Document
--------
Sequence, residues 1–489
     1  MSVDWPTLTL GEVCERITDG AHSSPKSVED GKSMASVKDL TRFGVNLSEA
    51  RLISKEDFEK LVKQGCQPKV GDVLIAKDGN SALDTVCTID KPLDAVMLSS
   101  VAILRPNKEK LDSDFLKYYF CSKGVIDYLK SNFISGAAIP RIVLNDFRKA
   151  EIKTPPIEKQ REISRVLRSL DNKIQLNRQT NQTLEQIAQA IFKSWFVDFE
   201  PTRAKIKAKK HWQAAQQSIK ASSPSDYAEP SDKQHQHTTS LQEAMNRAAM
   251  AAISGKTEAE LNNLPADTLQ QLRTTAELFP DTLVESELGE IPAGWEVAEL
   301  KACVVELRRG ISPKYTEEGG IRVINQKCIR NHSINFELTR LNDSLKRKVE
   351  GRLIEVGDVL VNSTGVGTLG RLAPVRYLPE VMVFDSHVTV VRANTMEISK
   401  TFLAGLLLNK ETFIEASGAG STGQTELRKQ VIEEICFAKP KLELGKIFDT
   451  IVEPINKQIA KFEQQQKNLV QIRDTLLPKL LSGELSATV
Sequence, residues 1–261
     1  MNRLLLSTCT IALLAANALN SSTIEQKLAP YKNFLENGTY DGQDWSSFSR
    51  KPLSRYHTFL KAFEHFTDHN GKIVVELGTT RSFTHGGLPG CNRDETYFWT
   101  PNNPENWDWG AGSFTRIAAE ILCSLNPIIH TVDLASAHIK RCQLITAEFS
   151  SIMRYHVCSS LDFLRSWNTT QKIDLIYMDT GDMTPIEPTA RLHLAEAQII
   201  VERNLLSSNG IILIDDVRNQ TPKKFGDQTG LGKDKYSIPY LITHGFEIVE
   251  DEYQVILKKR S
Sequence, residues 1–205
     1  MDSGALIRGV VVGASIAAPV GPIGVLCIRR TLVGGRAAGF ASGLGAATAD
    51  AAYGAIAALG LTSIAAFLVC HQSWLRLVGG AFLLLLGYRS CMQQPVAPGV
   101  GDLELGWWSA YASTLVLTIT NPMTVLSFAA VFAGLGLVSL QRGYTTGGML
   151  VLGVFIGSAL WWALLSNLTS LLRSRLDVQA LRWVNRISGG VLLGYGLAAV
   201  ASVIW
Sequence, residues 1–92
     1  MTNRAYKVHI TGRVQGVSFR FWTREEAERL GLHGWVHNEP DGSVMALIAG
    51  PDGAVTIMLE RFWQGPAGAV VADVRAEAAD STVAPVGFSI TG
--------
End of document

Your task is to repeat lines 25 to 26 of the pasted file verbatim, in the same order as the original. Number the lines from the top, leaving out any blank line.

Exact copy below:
Sequence, residues 1–92
     1  MTNRAYKVHI TGRVQGVSFR FWTREEAERL GLHGWVHNEP DGSVMALIAG